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- Congenital—occurs during fetal development
- Syndromic—occurs as a result of an underlying health condition that affects the nerves, muscles, or bones in the back and spine
- Idiopathic—occurs without a specific cause, but is likely due to a combination of multiple genetic factors
Altaf F, Gibson A, et al. Adolescent idiopathic scoliosis. BMJ. 2013;346:f2508.
Campbell’s Operative Orthopaedics. 10th ed. Mosby; 2003.
Idiopathic scoliosis in children and adolescents. American Academy of Orthopedic Surgeons Ortho Info website. Available at: http://orthoinfo.aaos.org/topic.cfm?topic=A00353. Updated March 2010. Accessed November 21, 2013.
Questions and answers about scoliosis in children and adolescents. National Institute of Arthritis and Musculoskeletal and Skin Diseases website. Available at: http://www.niams.nih.gov/Health%5FInfo/Scoliosis/default.asp. Updated July 2013. Accessed November 21, 2013.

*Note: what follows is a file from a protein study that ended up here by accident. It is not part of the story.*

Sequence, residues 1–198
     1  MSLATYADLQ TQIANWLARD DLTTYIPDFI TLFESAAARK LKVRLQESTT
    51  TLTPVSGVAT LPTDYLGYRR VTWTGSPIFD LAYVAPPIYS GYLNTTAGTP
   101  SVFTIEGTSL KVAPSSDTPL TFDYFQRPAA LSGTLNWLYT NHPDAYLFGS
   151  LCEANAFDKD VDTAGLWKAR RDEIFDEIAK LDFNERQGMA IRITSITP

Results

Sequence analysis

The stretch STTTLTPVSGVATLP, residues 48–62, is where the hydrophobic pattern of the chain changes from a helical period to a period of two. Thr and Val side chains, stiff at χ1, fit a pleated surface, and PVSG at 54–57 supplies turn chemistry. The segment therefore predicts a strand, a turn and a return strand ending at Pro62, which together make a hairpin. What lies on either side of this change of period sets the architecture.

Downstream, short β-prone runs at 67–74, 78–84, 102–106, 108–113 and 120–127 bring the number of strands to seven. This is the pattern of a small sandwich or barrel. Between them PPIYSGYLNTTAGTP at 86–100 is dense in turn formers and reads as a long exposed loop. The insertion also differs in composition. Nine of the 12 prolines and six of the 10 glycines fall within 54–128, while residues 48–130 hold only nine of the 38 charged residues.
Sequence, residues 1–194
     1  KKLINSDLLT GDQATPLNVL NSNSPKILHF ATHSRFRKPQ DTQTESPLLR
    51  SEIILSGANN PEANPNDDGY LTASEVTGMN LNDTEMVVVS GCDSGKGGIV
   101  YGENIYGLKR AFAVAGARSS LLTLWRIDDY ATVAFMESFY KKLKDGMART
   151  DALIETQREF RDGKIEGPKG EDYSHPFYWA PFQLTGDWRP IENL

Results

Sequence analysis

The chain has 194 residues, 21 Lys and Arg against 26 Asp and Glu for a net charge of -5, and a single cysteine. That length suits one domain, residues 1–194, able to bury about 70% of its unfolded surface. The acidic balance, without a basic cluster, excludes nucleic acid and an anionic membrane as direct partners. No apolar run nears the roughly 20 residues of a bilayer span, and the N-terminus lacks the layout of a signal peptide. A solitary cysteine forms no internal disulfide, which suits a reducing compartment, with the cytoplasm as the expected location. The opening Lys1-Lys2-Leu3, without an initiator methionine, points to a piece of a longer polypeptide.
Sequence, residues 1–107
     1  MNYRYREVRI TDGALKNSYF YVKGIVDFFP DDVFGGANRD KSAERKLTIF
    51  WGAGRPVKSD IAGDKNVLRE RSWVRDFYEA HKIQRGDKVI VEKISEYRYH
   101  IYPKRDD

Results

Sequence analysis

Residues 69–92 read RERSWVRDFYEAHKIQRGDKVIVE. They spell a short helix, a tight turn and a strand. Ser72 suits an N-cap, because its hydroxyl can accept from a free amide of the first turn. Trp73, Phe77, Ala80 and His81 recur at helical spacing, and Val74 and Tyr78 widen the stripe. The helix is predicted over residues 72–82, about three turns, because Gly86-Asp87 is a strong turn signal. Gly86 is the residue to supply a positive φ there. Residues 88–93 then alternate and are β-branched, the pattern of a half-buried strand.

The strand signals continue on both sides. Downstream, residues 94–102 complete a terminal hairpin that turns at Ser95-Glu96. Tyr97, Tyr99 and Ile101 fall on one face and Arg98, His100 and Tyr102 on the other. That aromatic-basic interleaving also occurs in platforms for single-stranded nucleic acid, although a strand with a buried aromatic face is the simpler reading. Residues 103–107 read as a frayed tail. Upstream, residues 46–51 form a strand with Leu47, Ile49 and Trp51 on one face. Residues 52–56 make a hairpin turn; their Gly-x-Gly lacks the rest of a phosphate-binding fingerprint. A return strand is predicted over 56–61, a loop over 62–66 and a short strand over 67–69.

Scoliosis. EBSCO DynaMed website. Available at: https://dynamed.ebscohost.com/about/about-us. Updated October 29, 2013. Accessed November 21, 2013.
Trobisch P, Suess O, et al. Idiopathic scoliosis. Dtsch Arztebl Int. 2010 Dec;107(49):875-883.
What is scoliosis? Fast Facts: An Easy-to-Read Series of Publications for the Public. National Institute of Arthritis and Musculoskeletal and Skin Diseases website. Available at: http://www.niams.nih.gov/Health%5FInfo/Scoliosis/scoliosis%5Fff.asp. Updated March 2009. Accessed November 21, 2013.
- Reviewer: Michael Woods, MD
- Review Date: 11/2013 -
- Update Date: 11/21/2013 -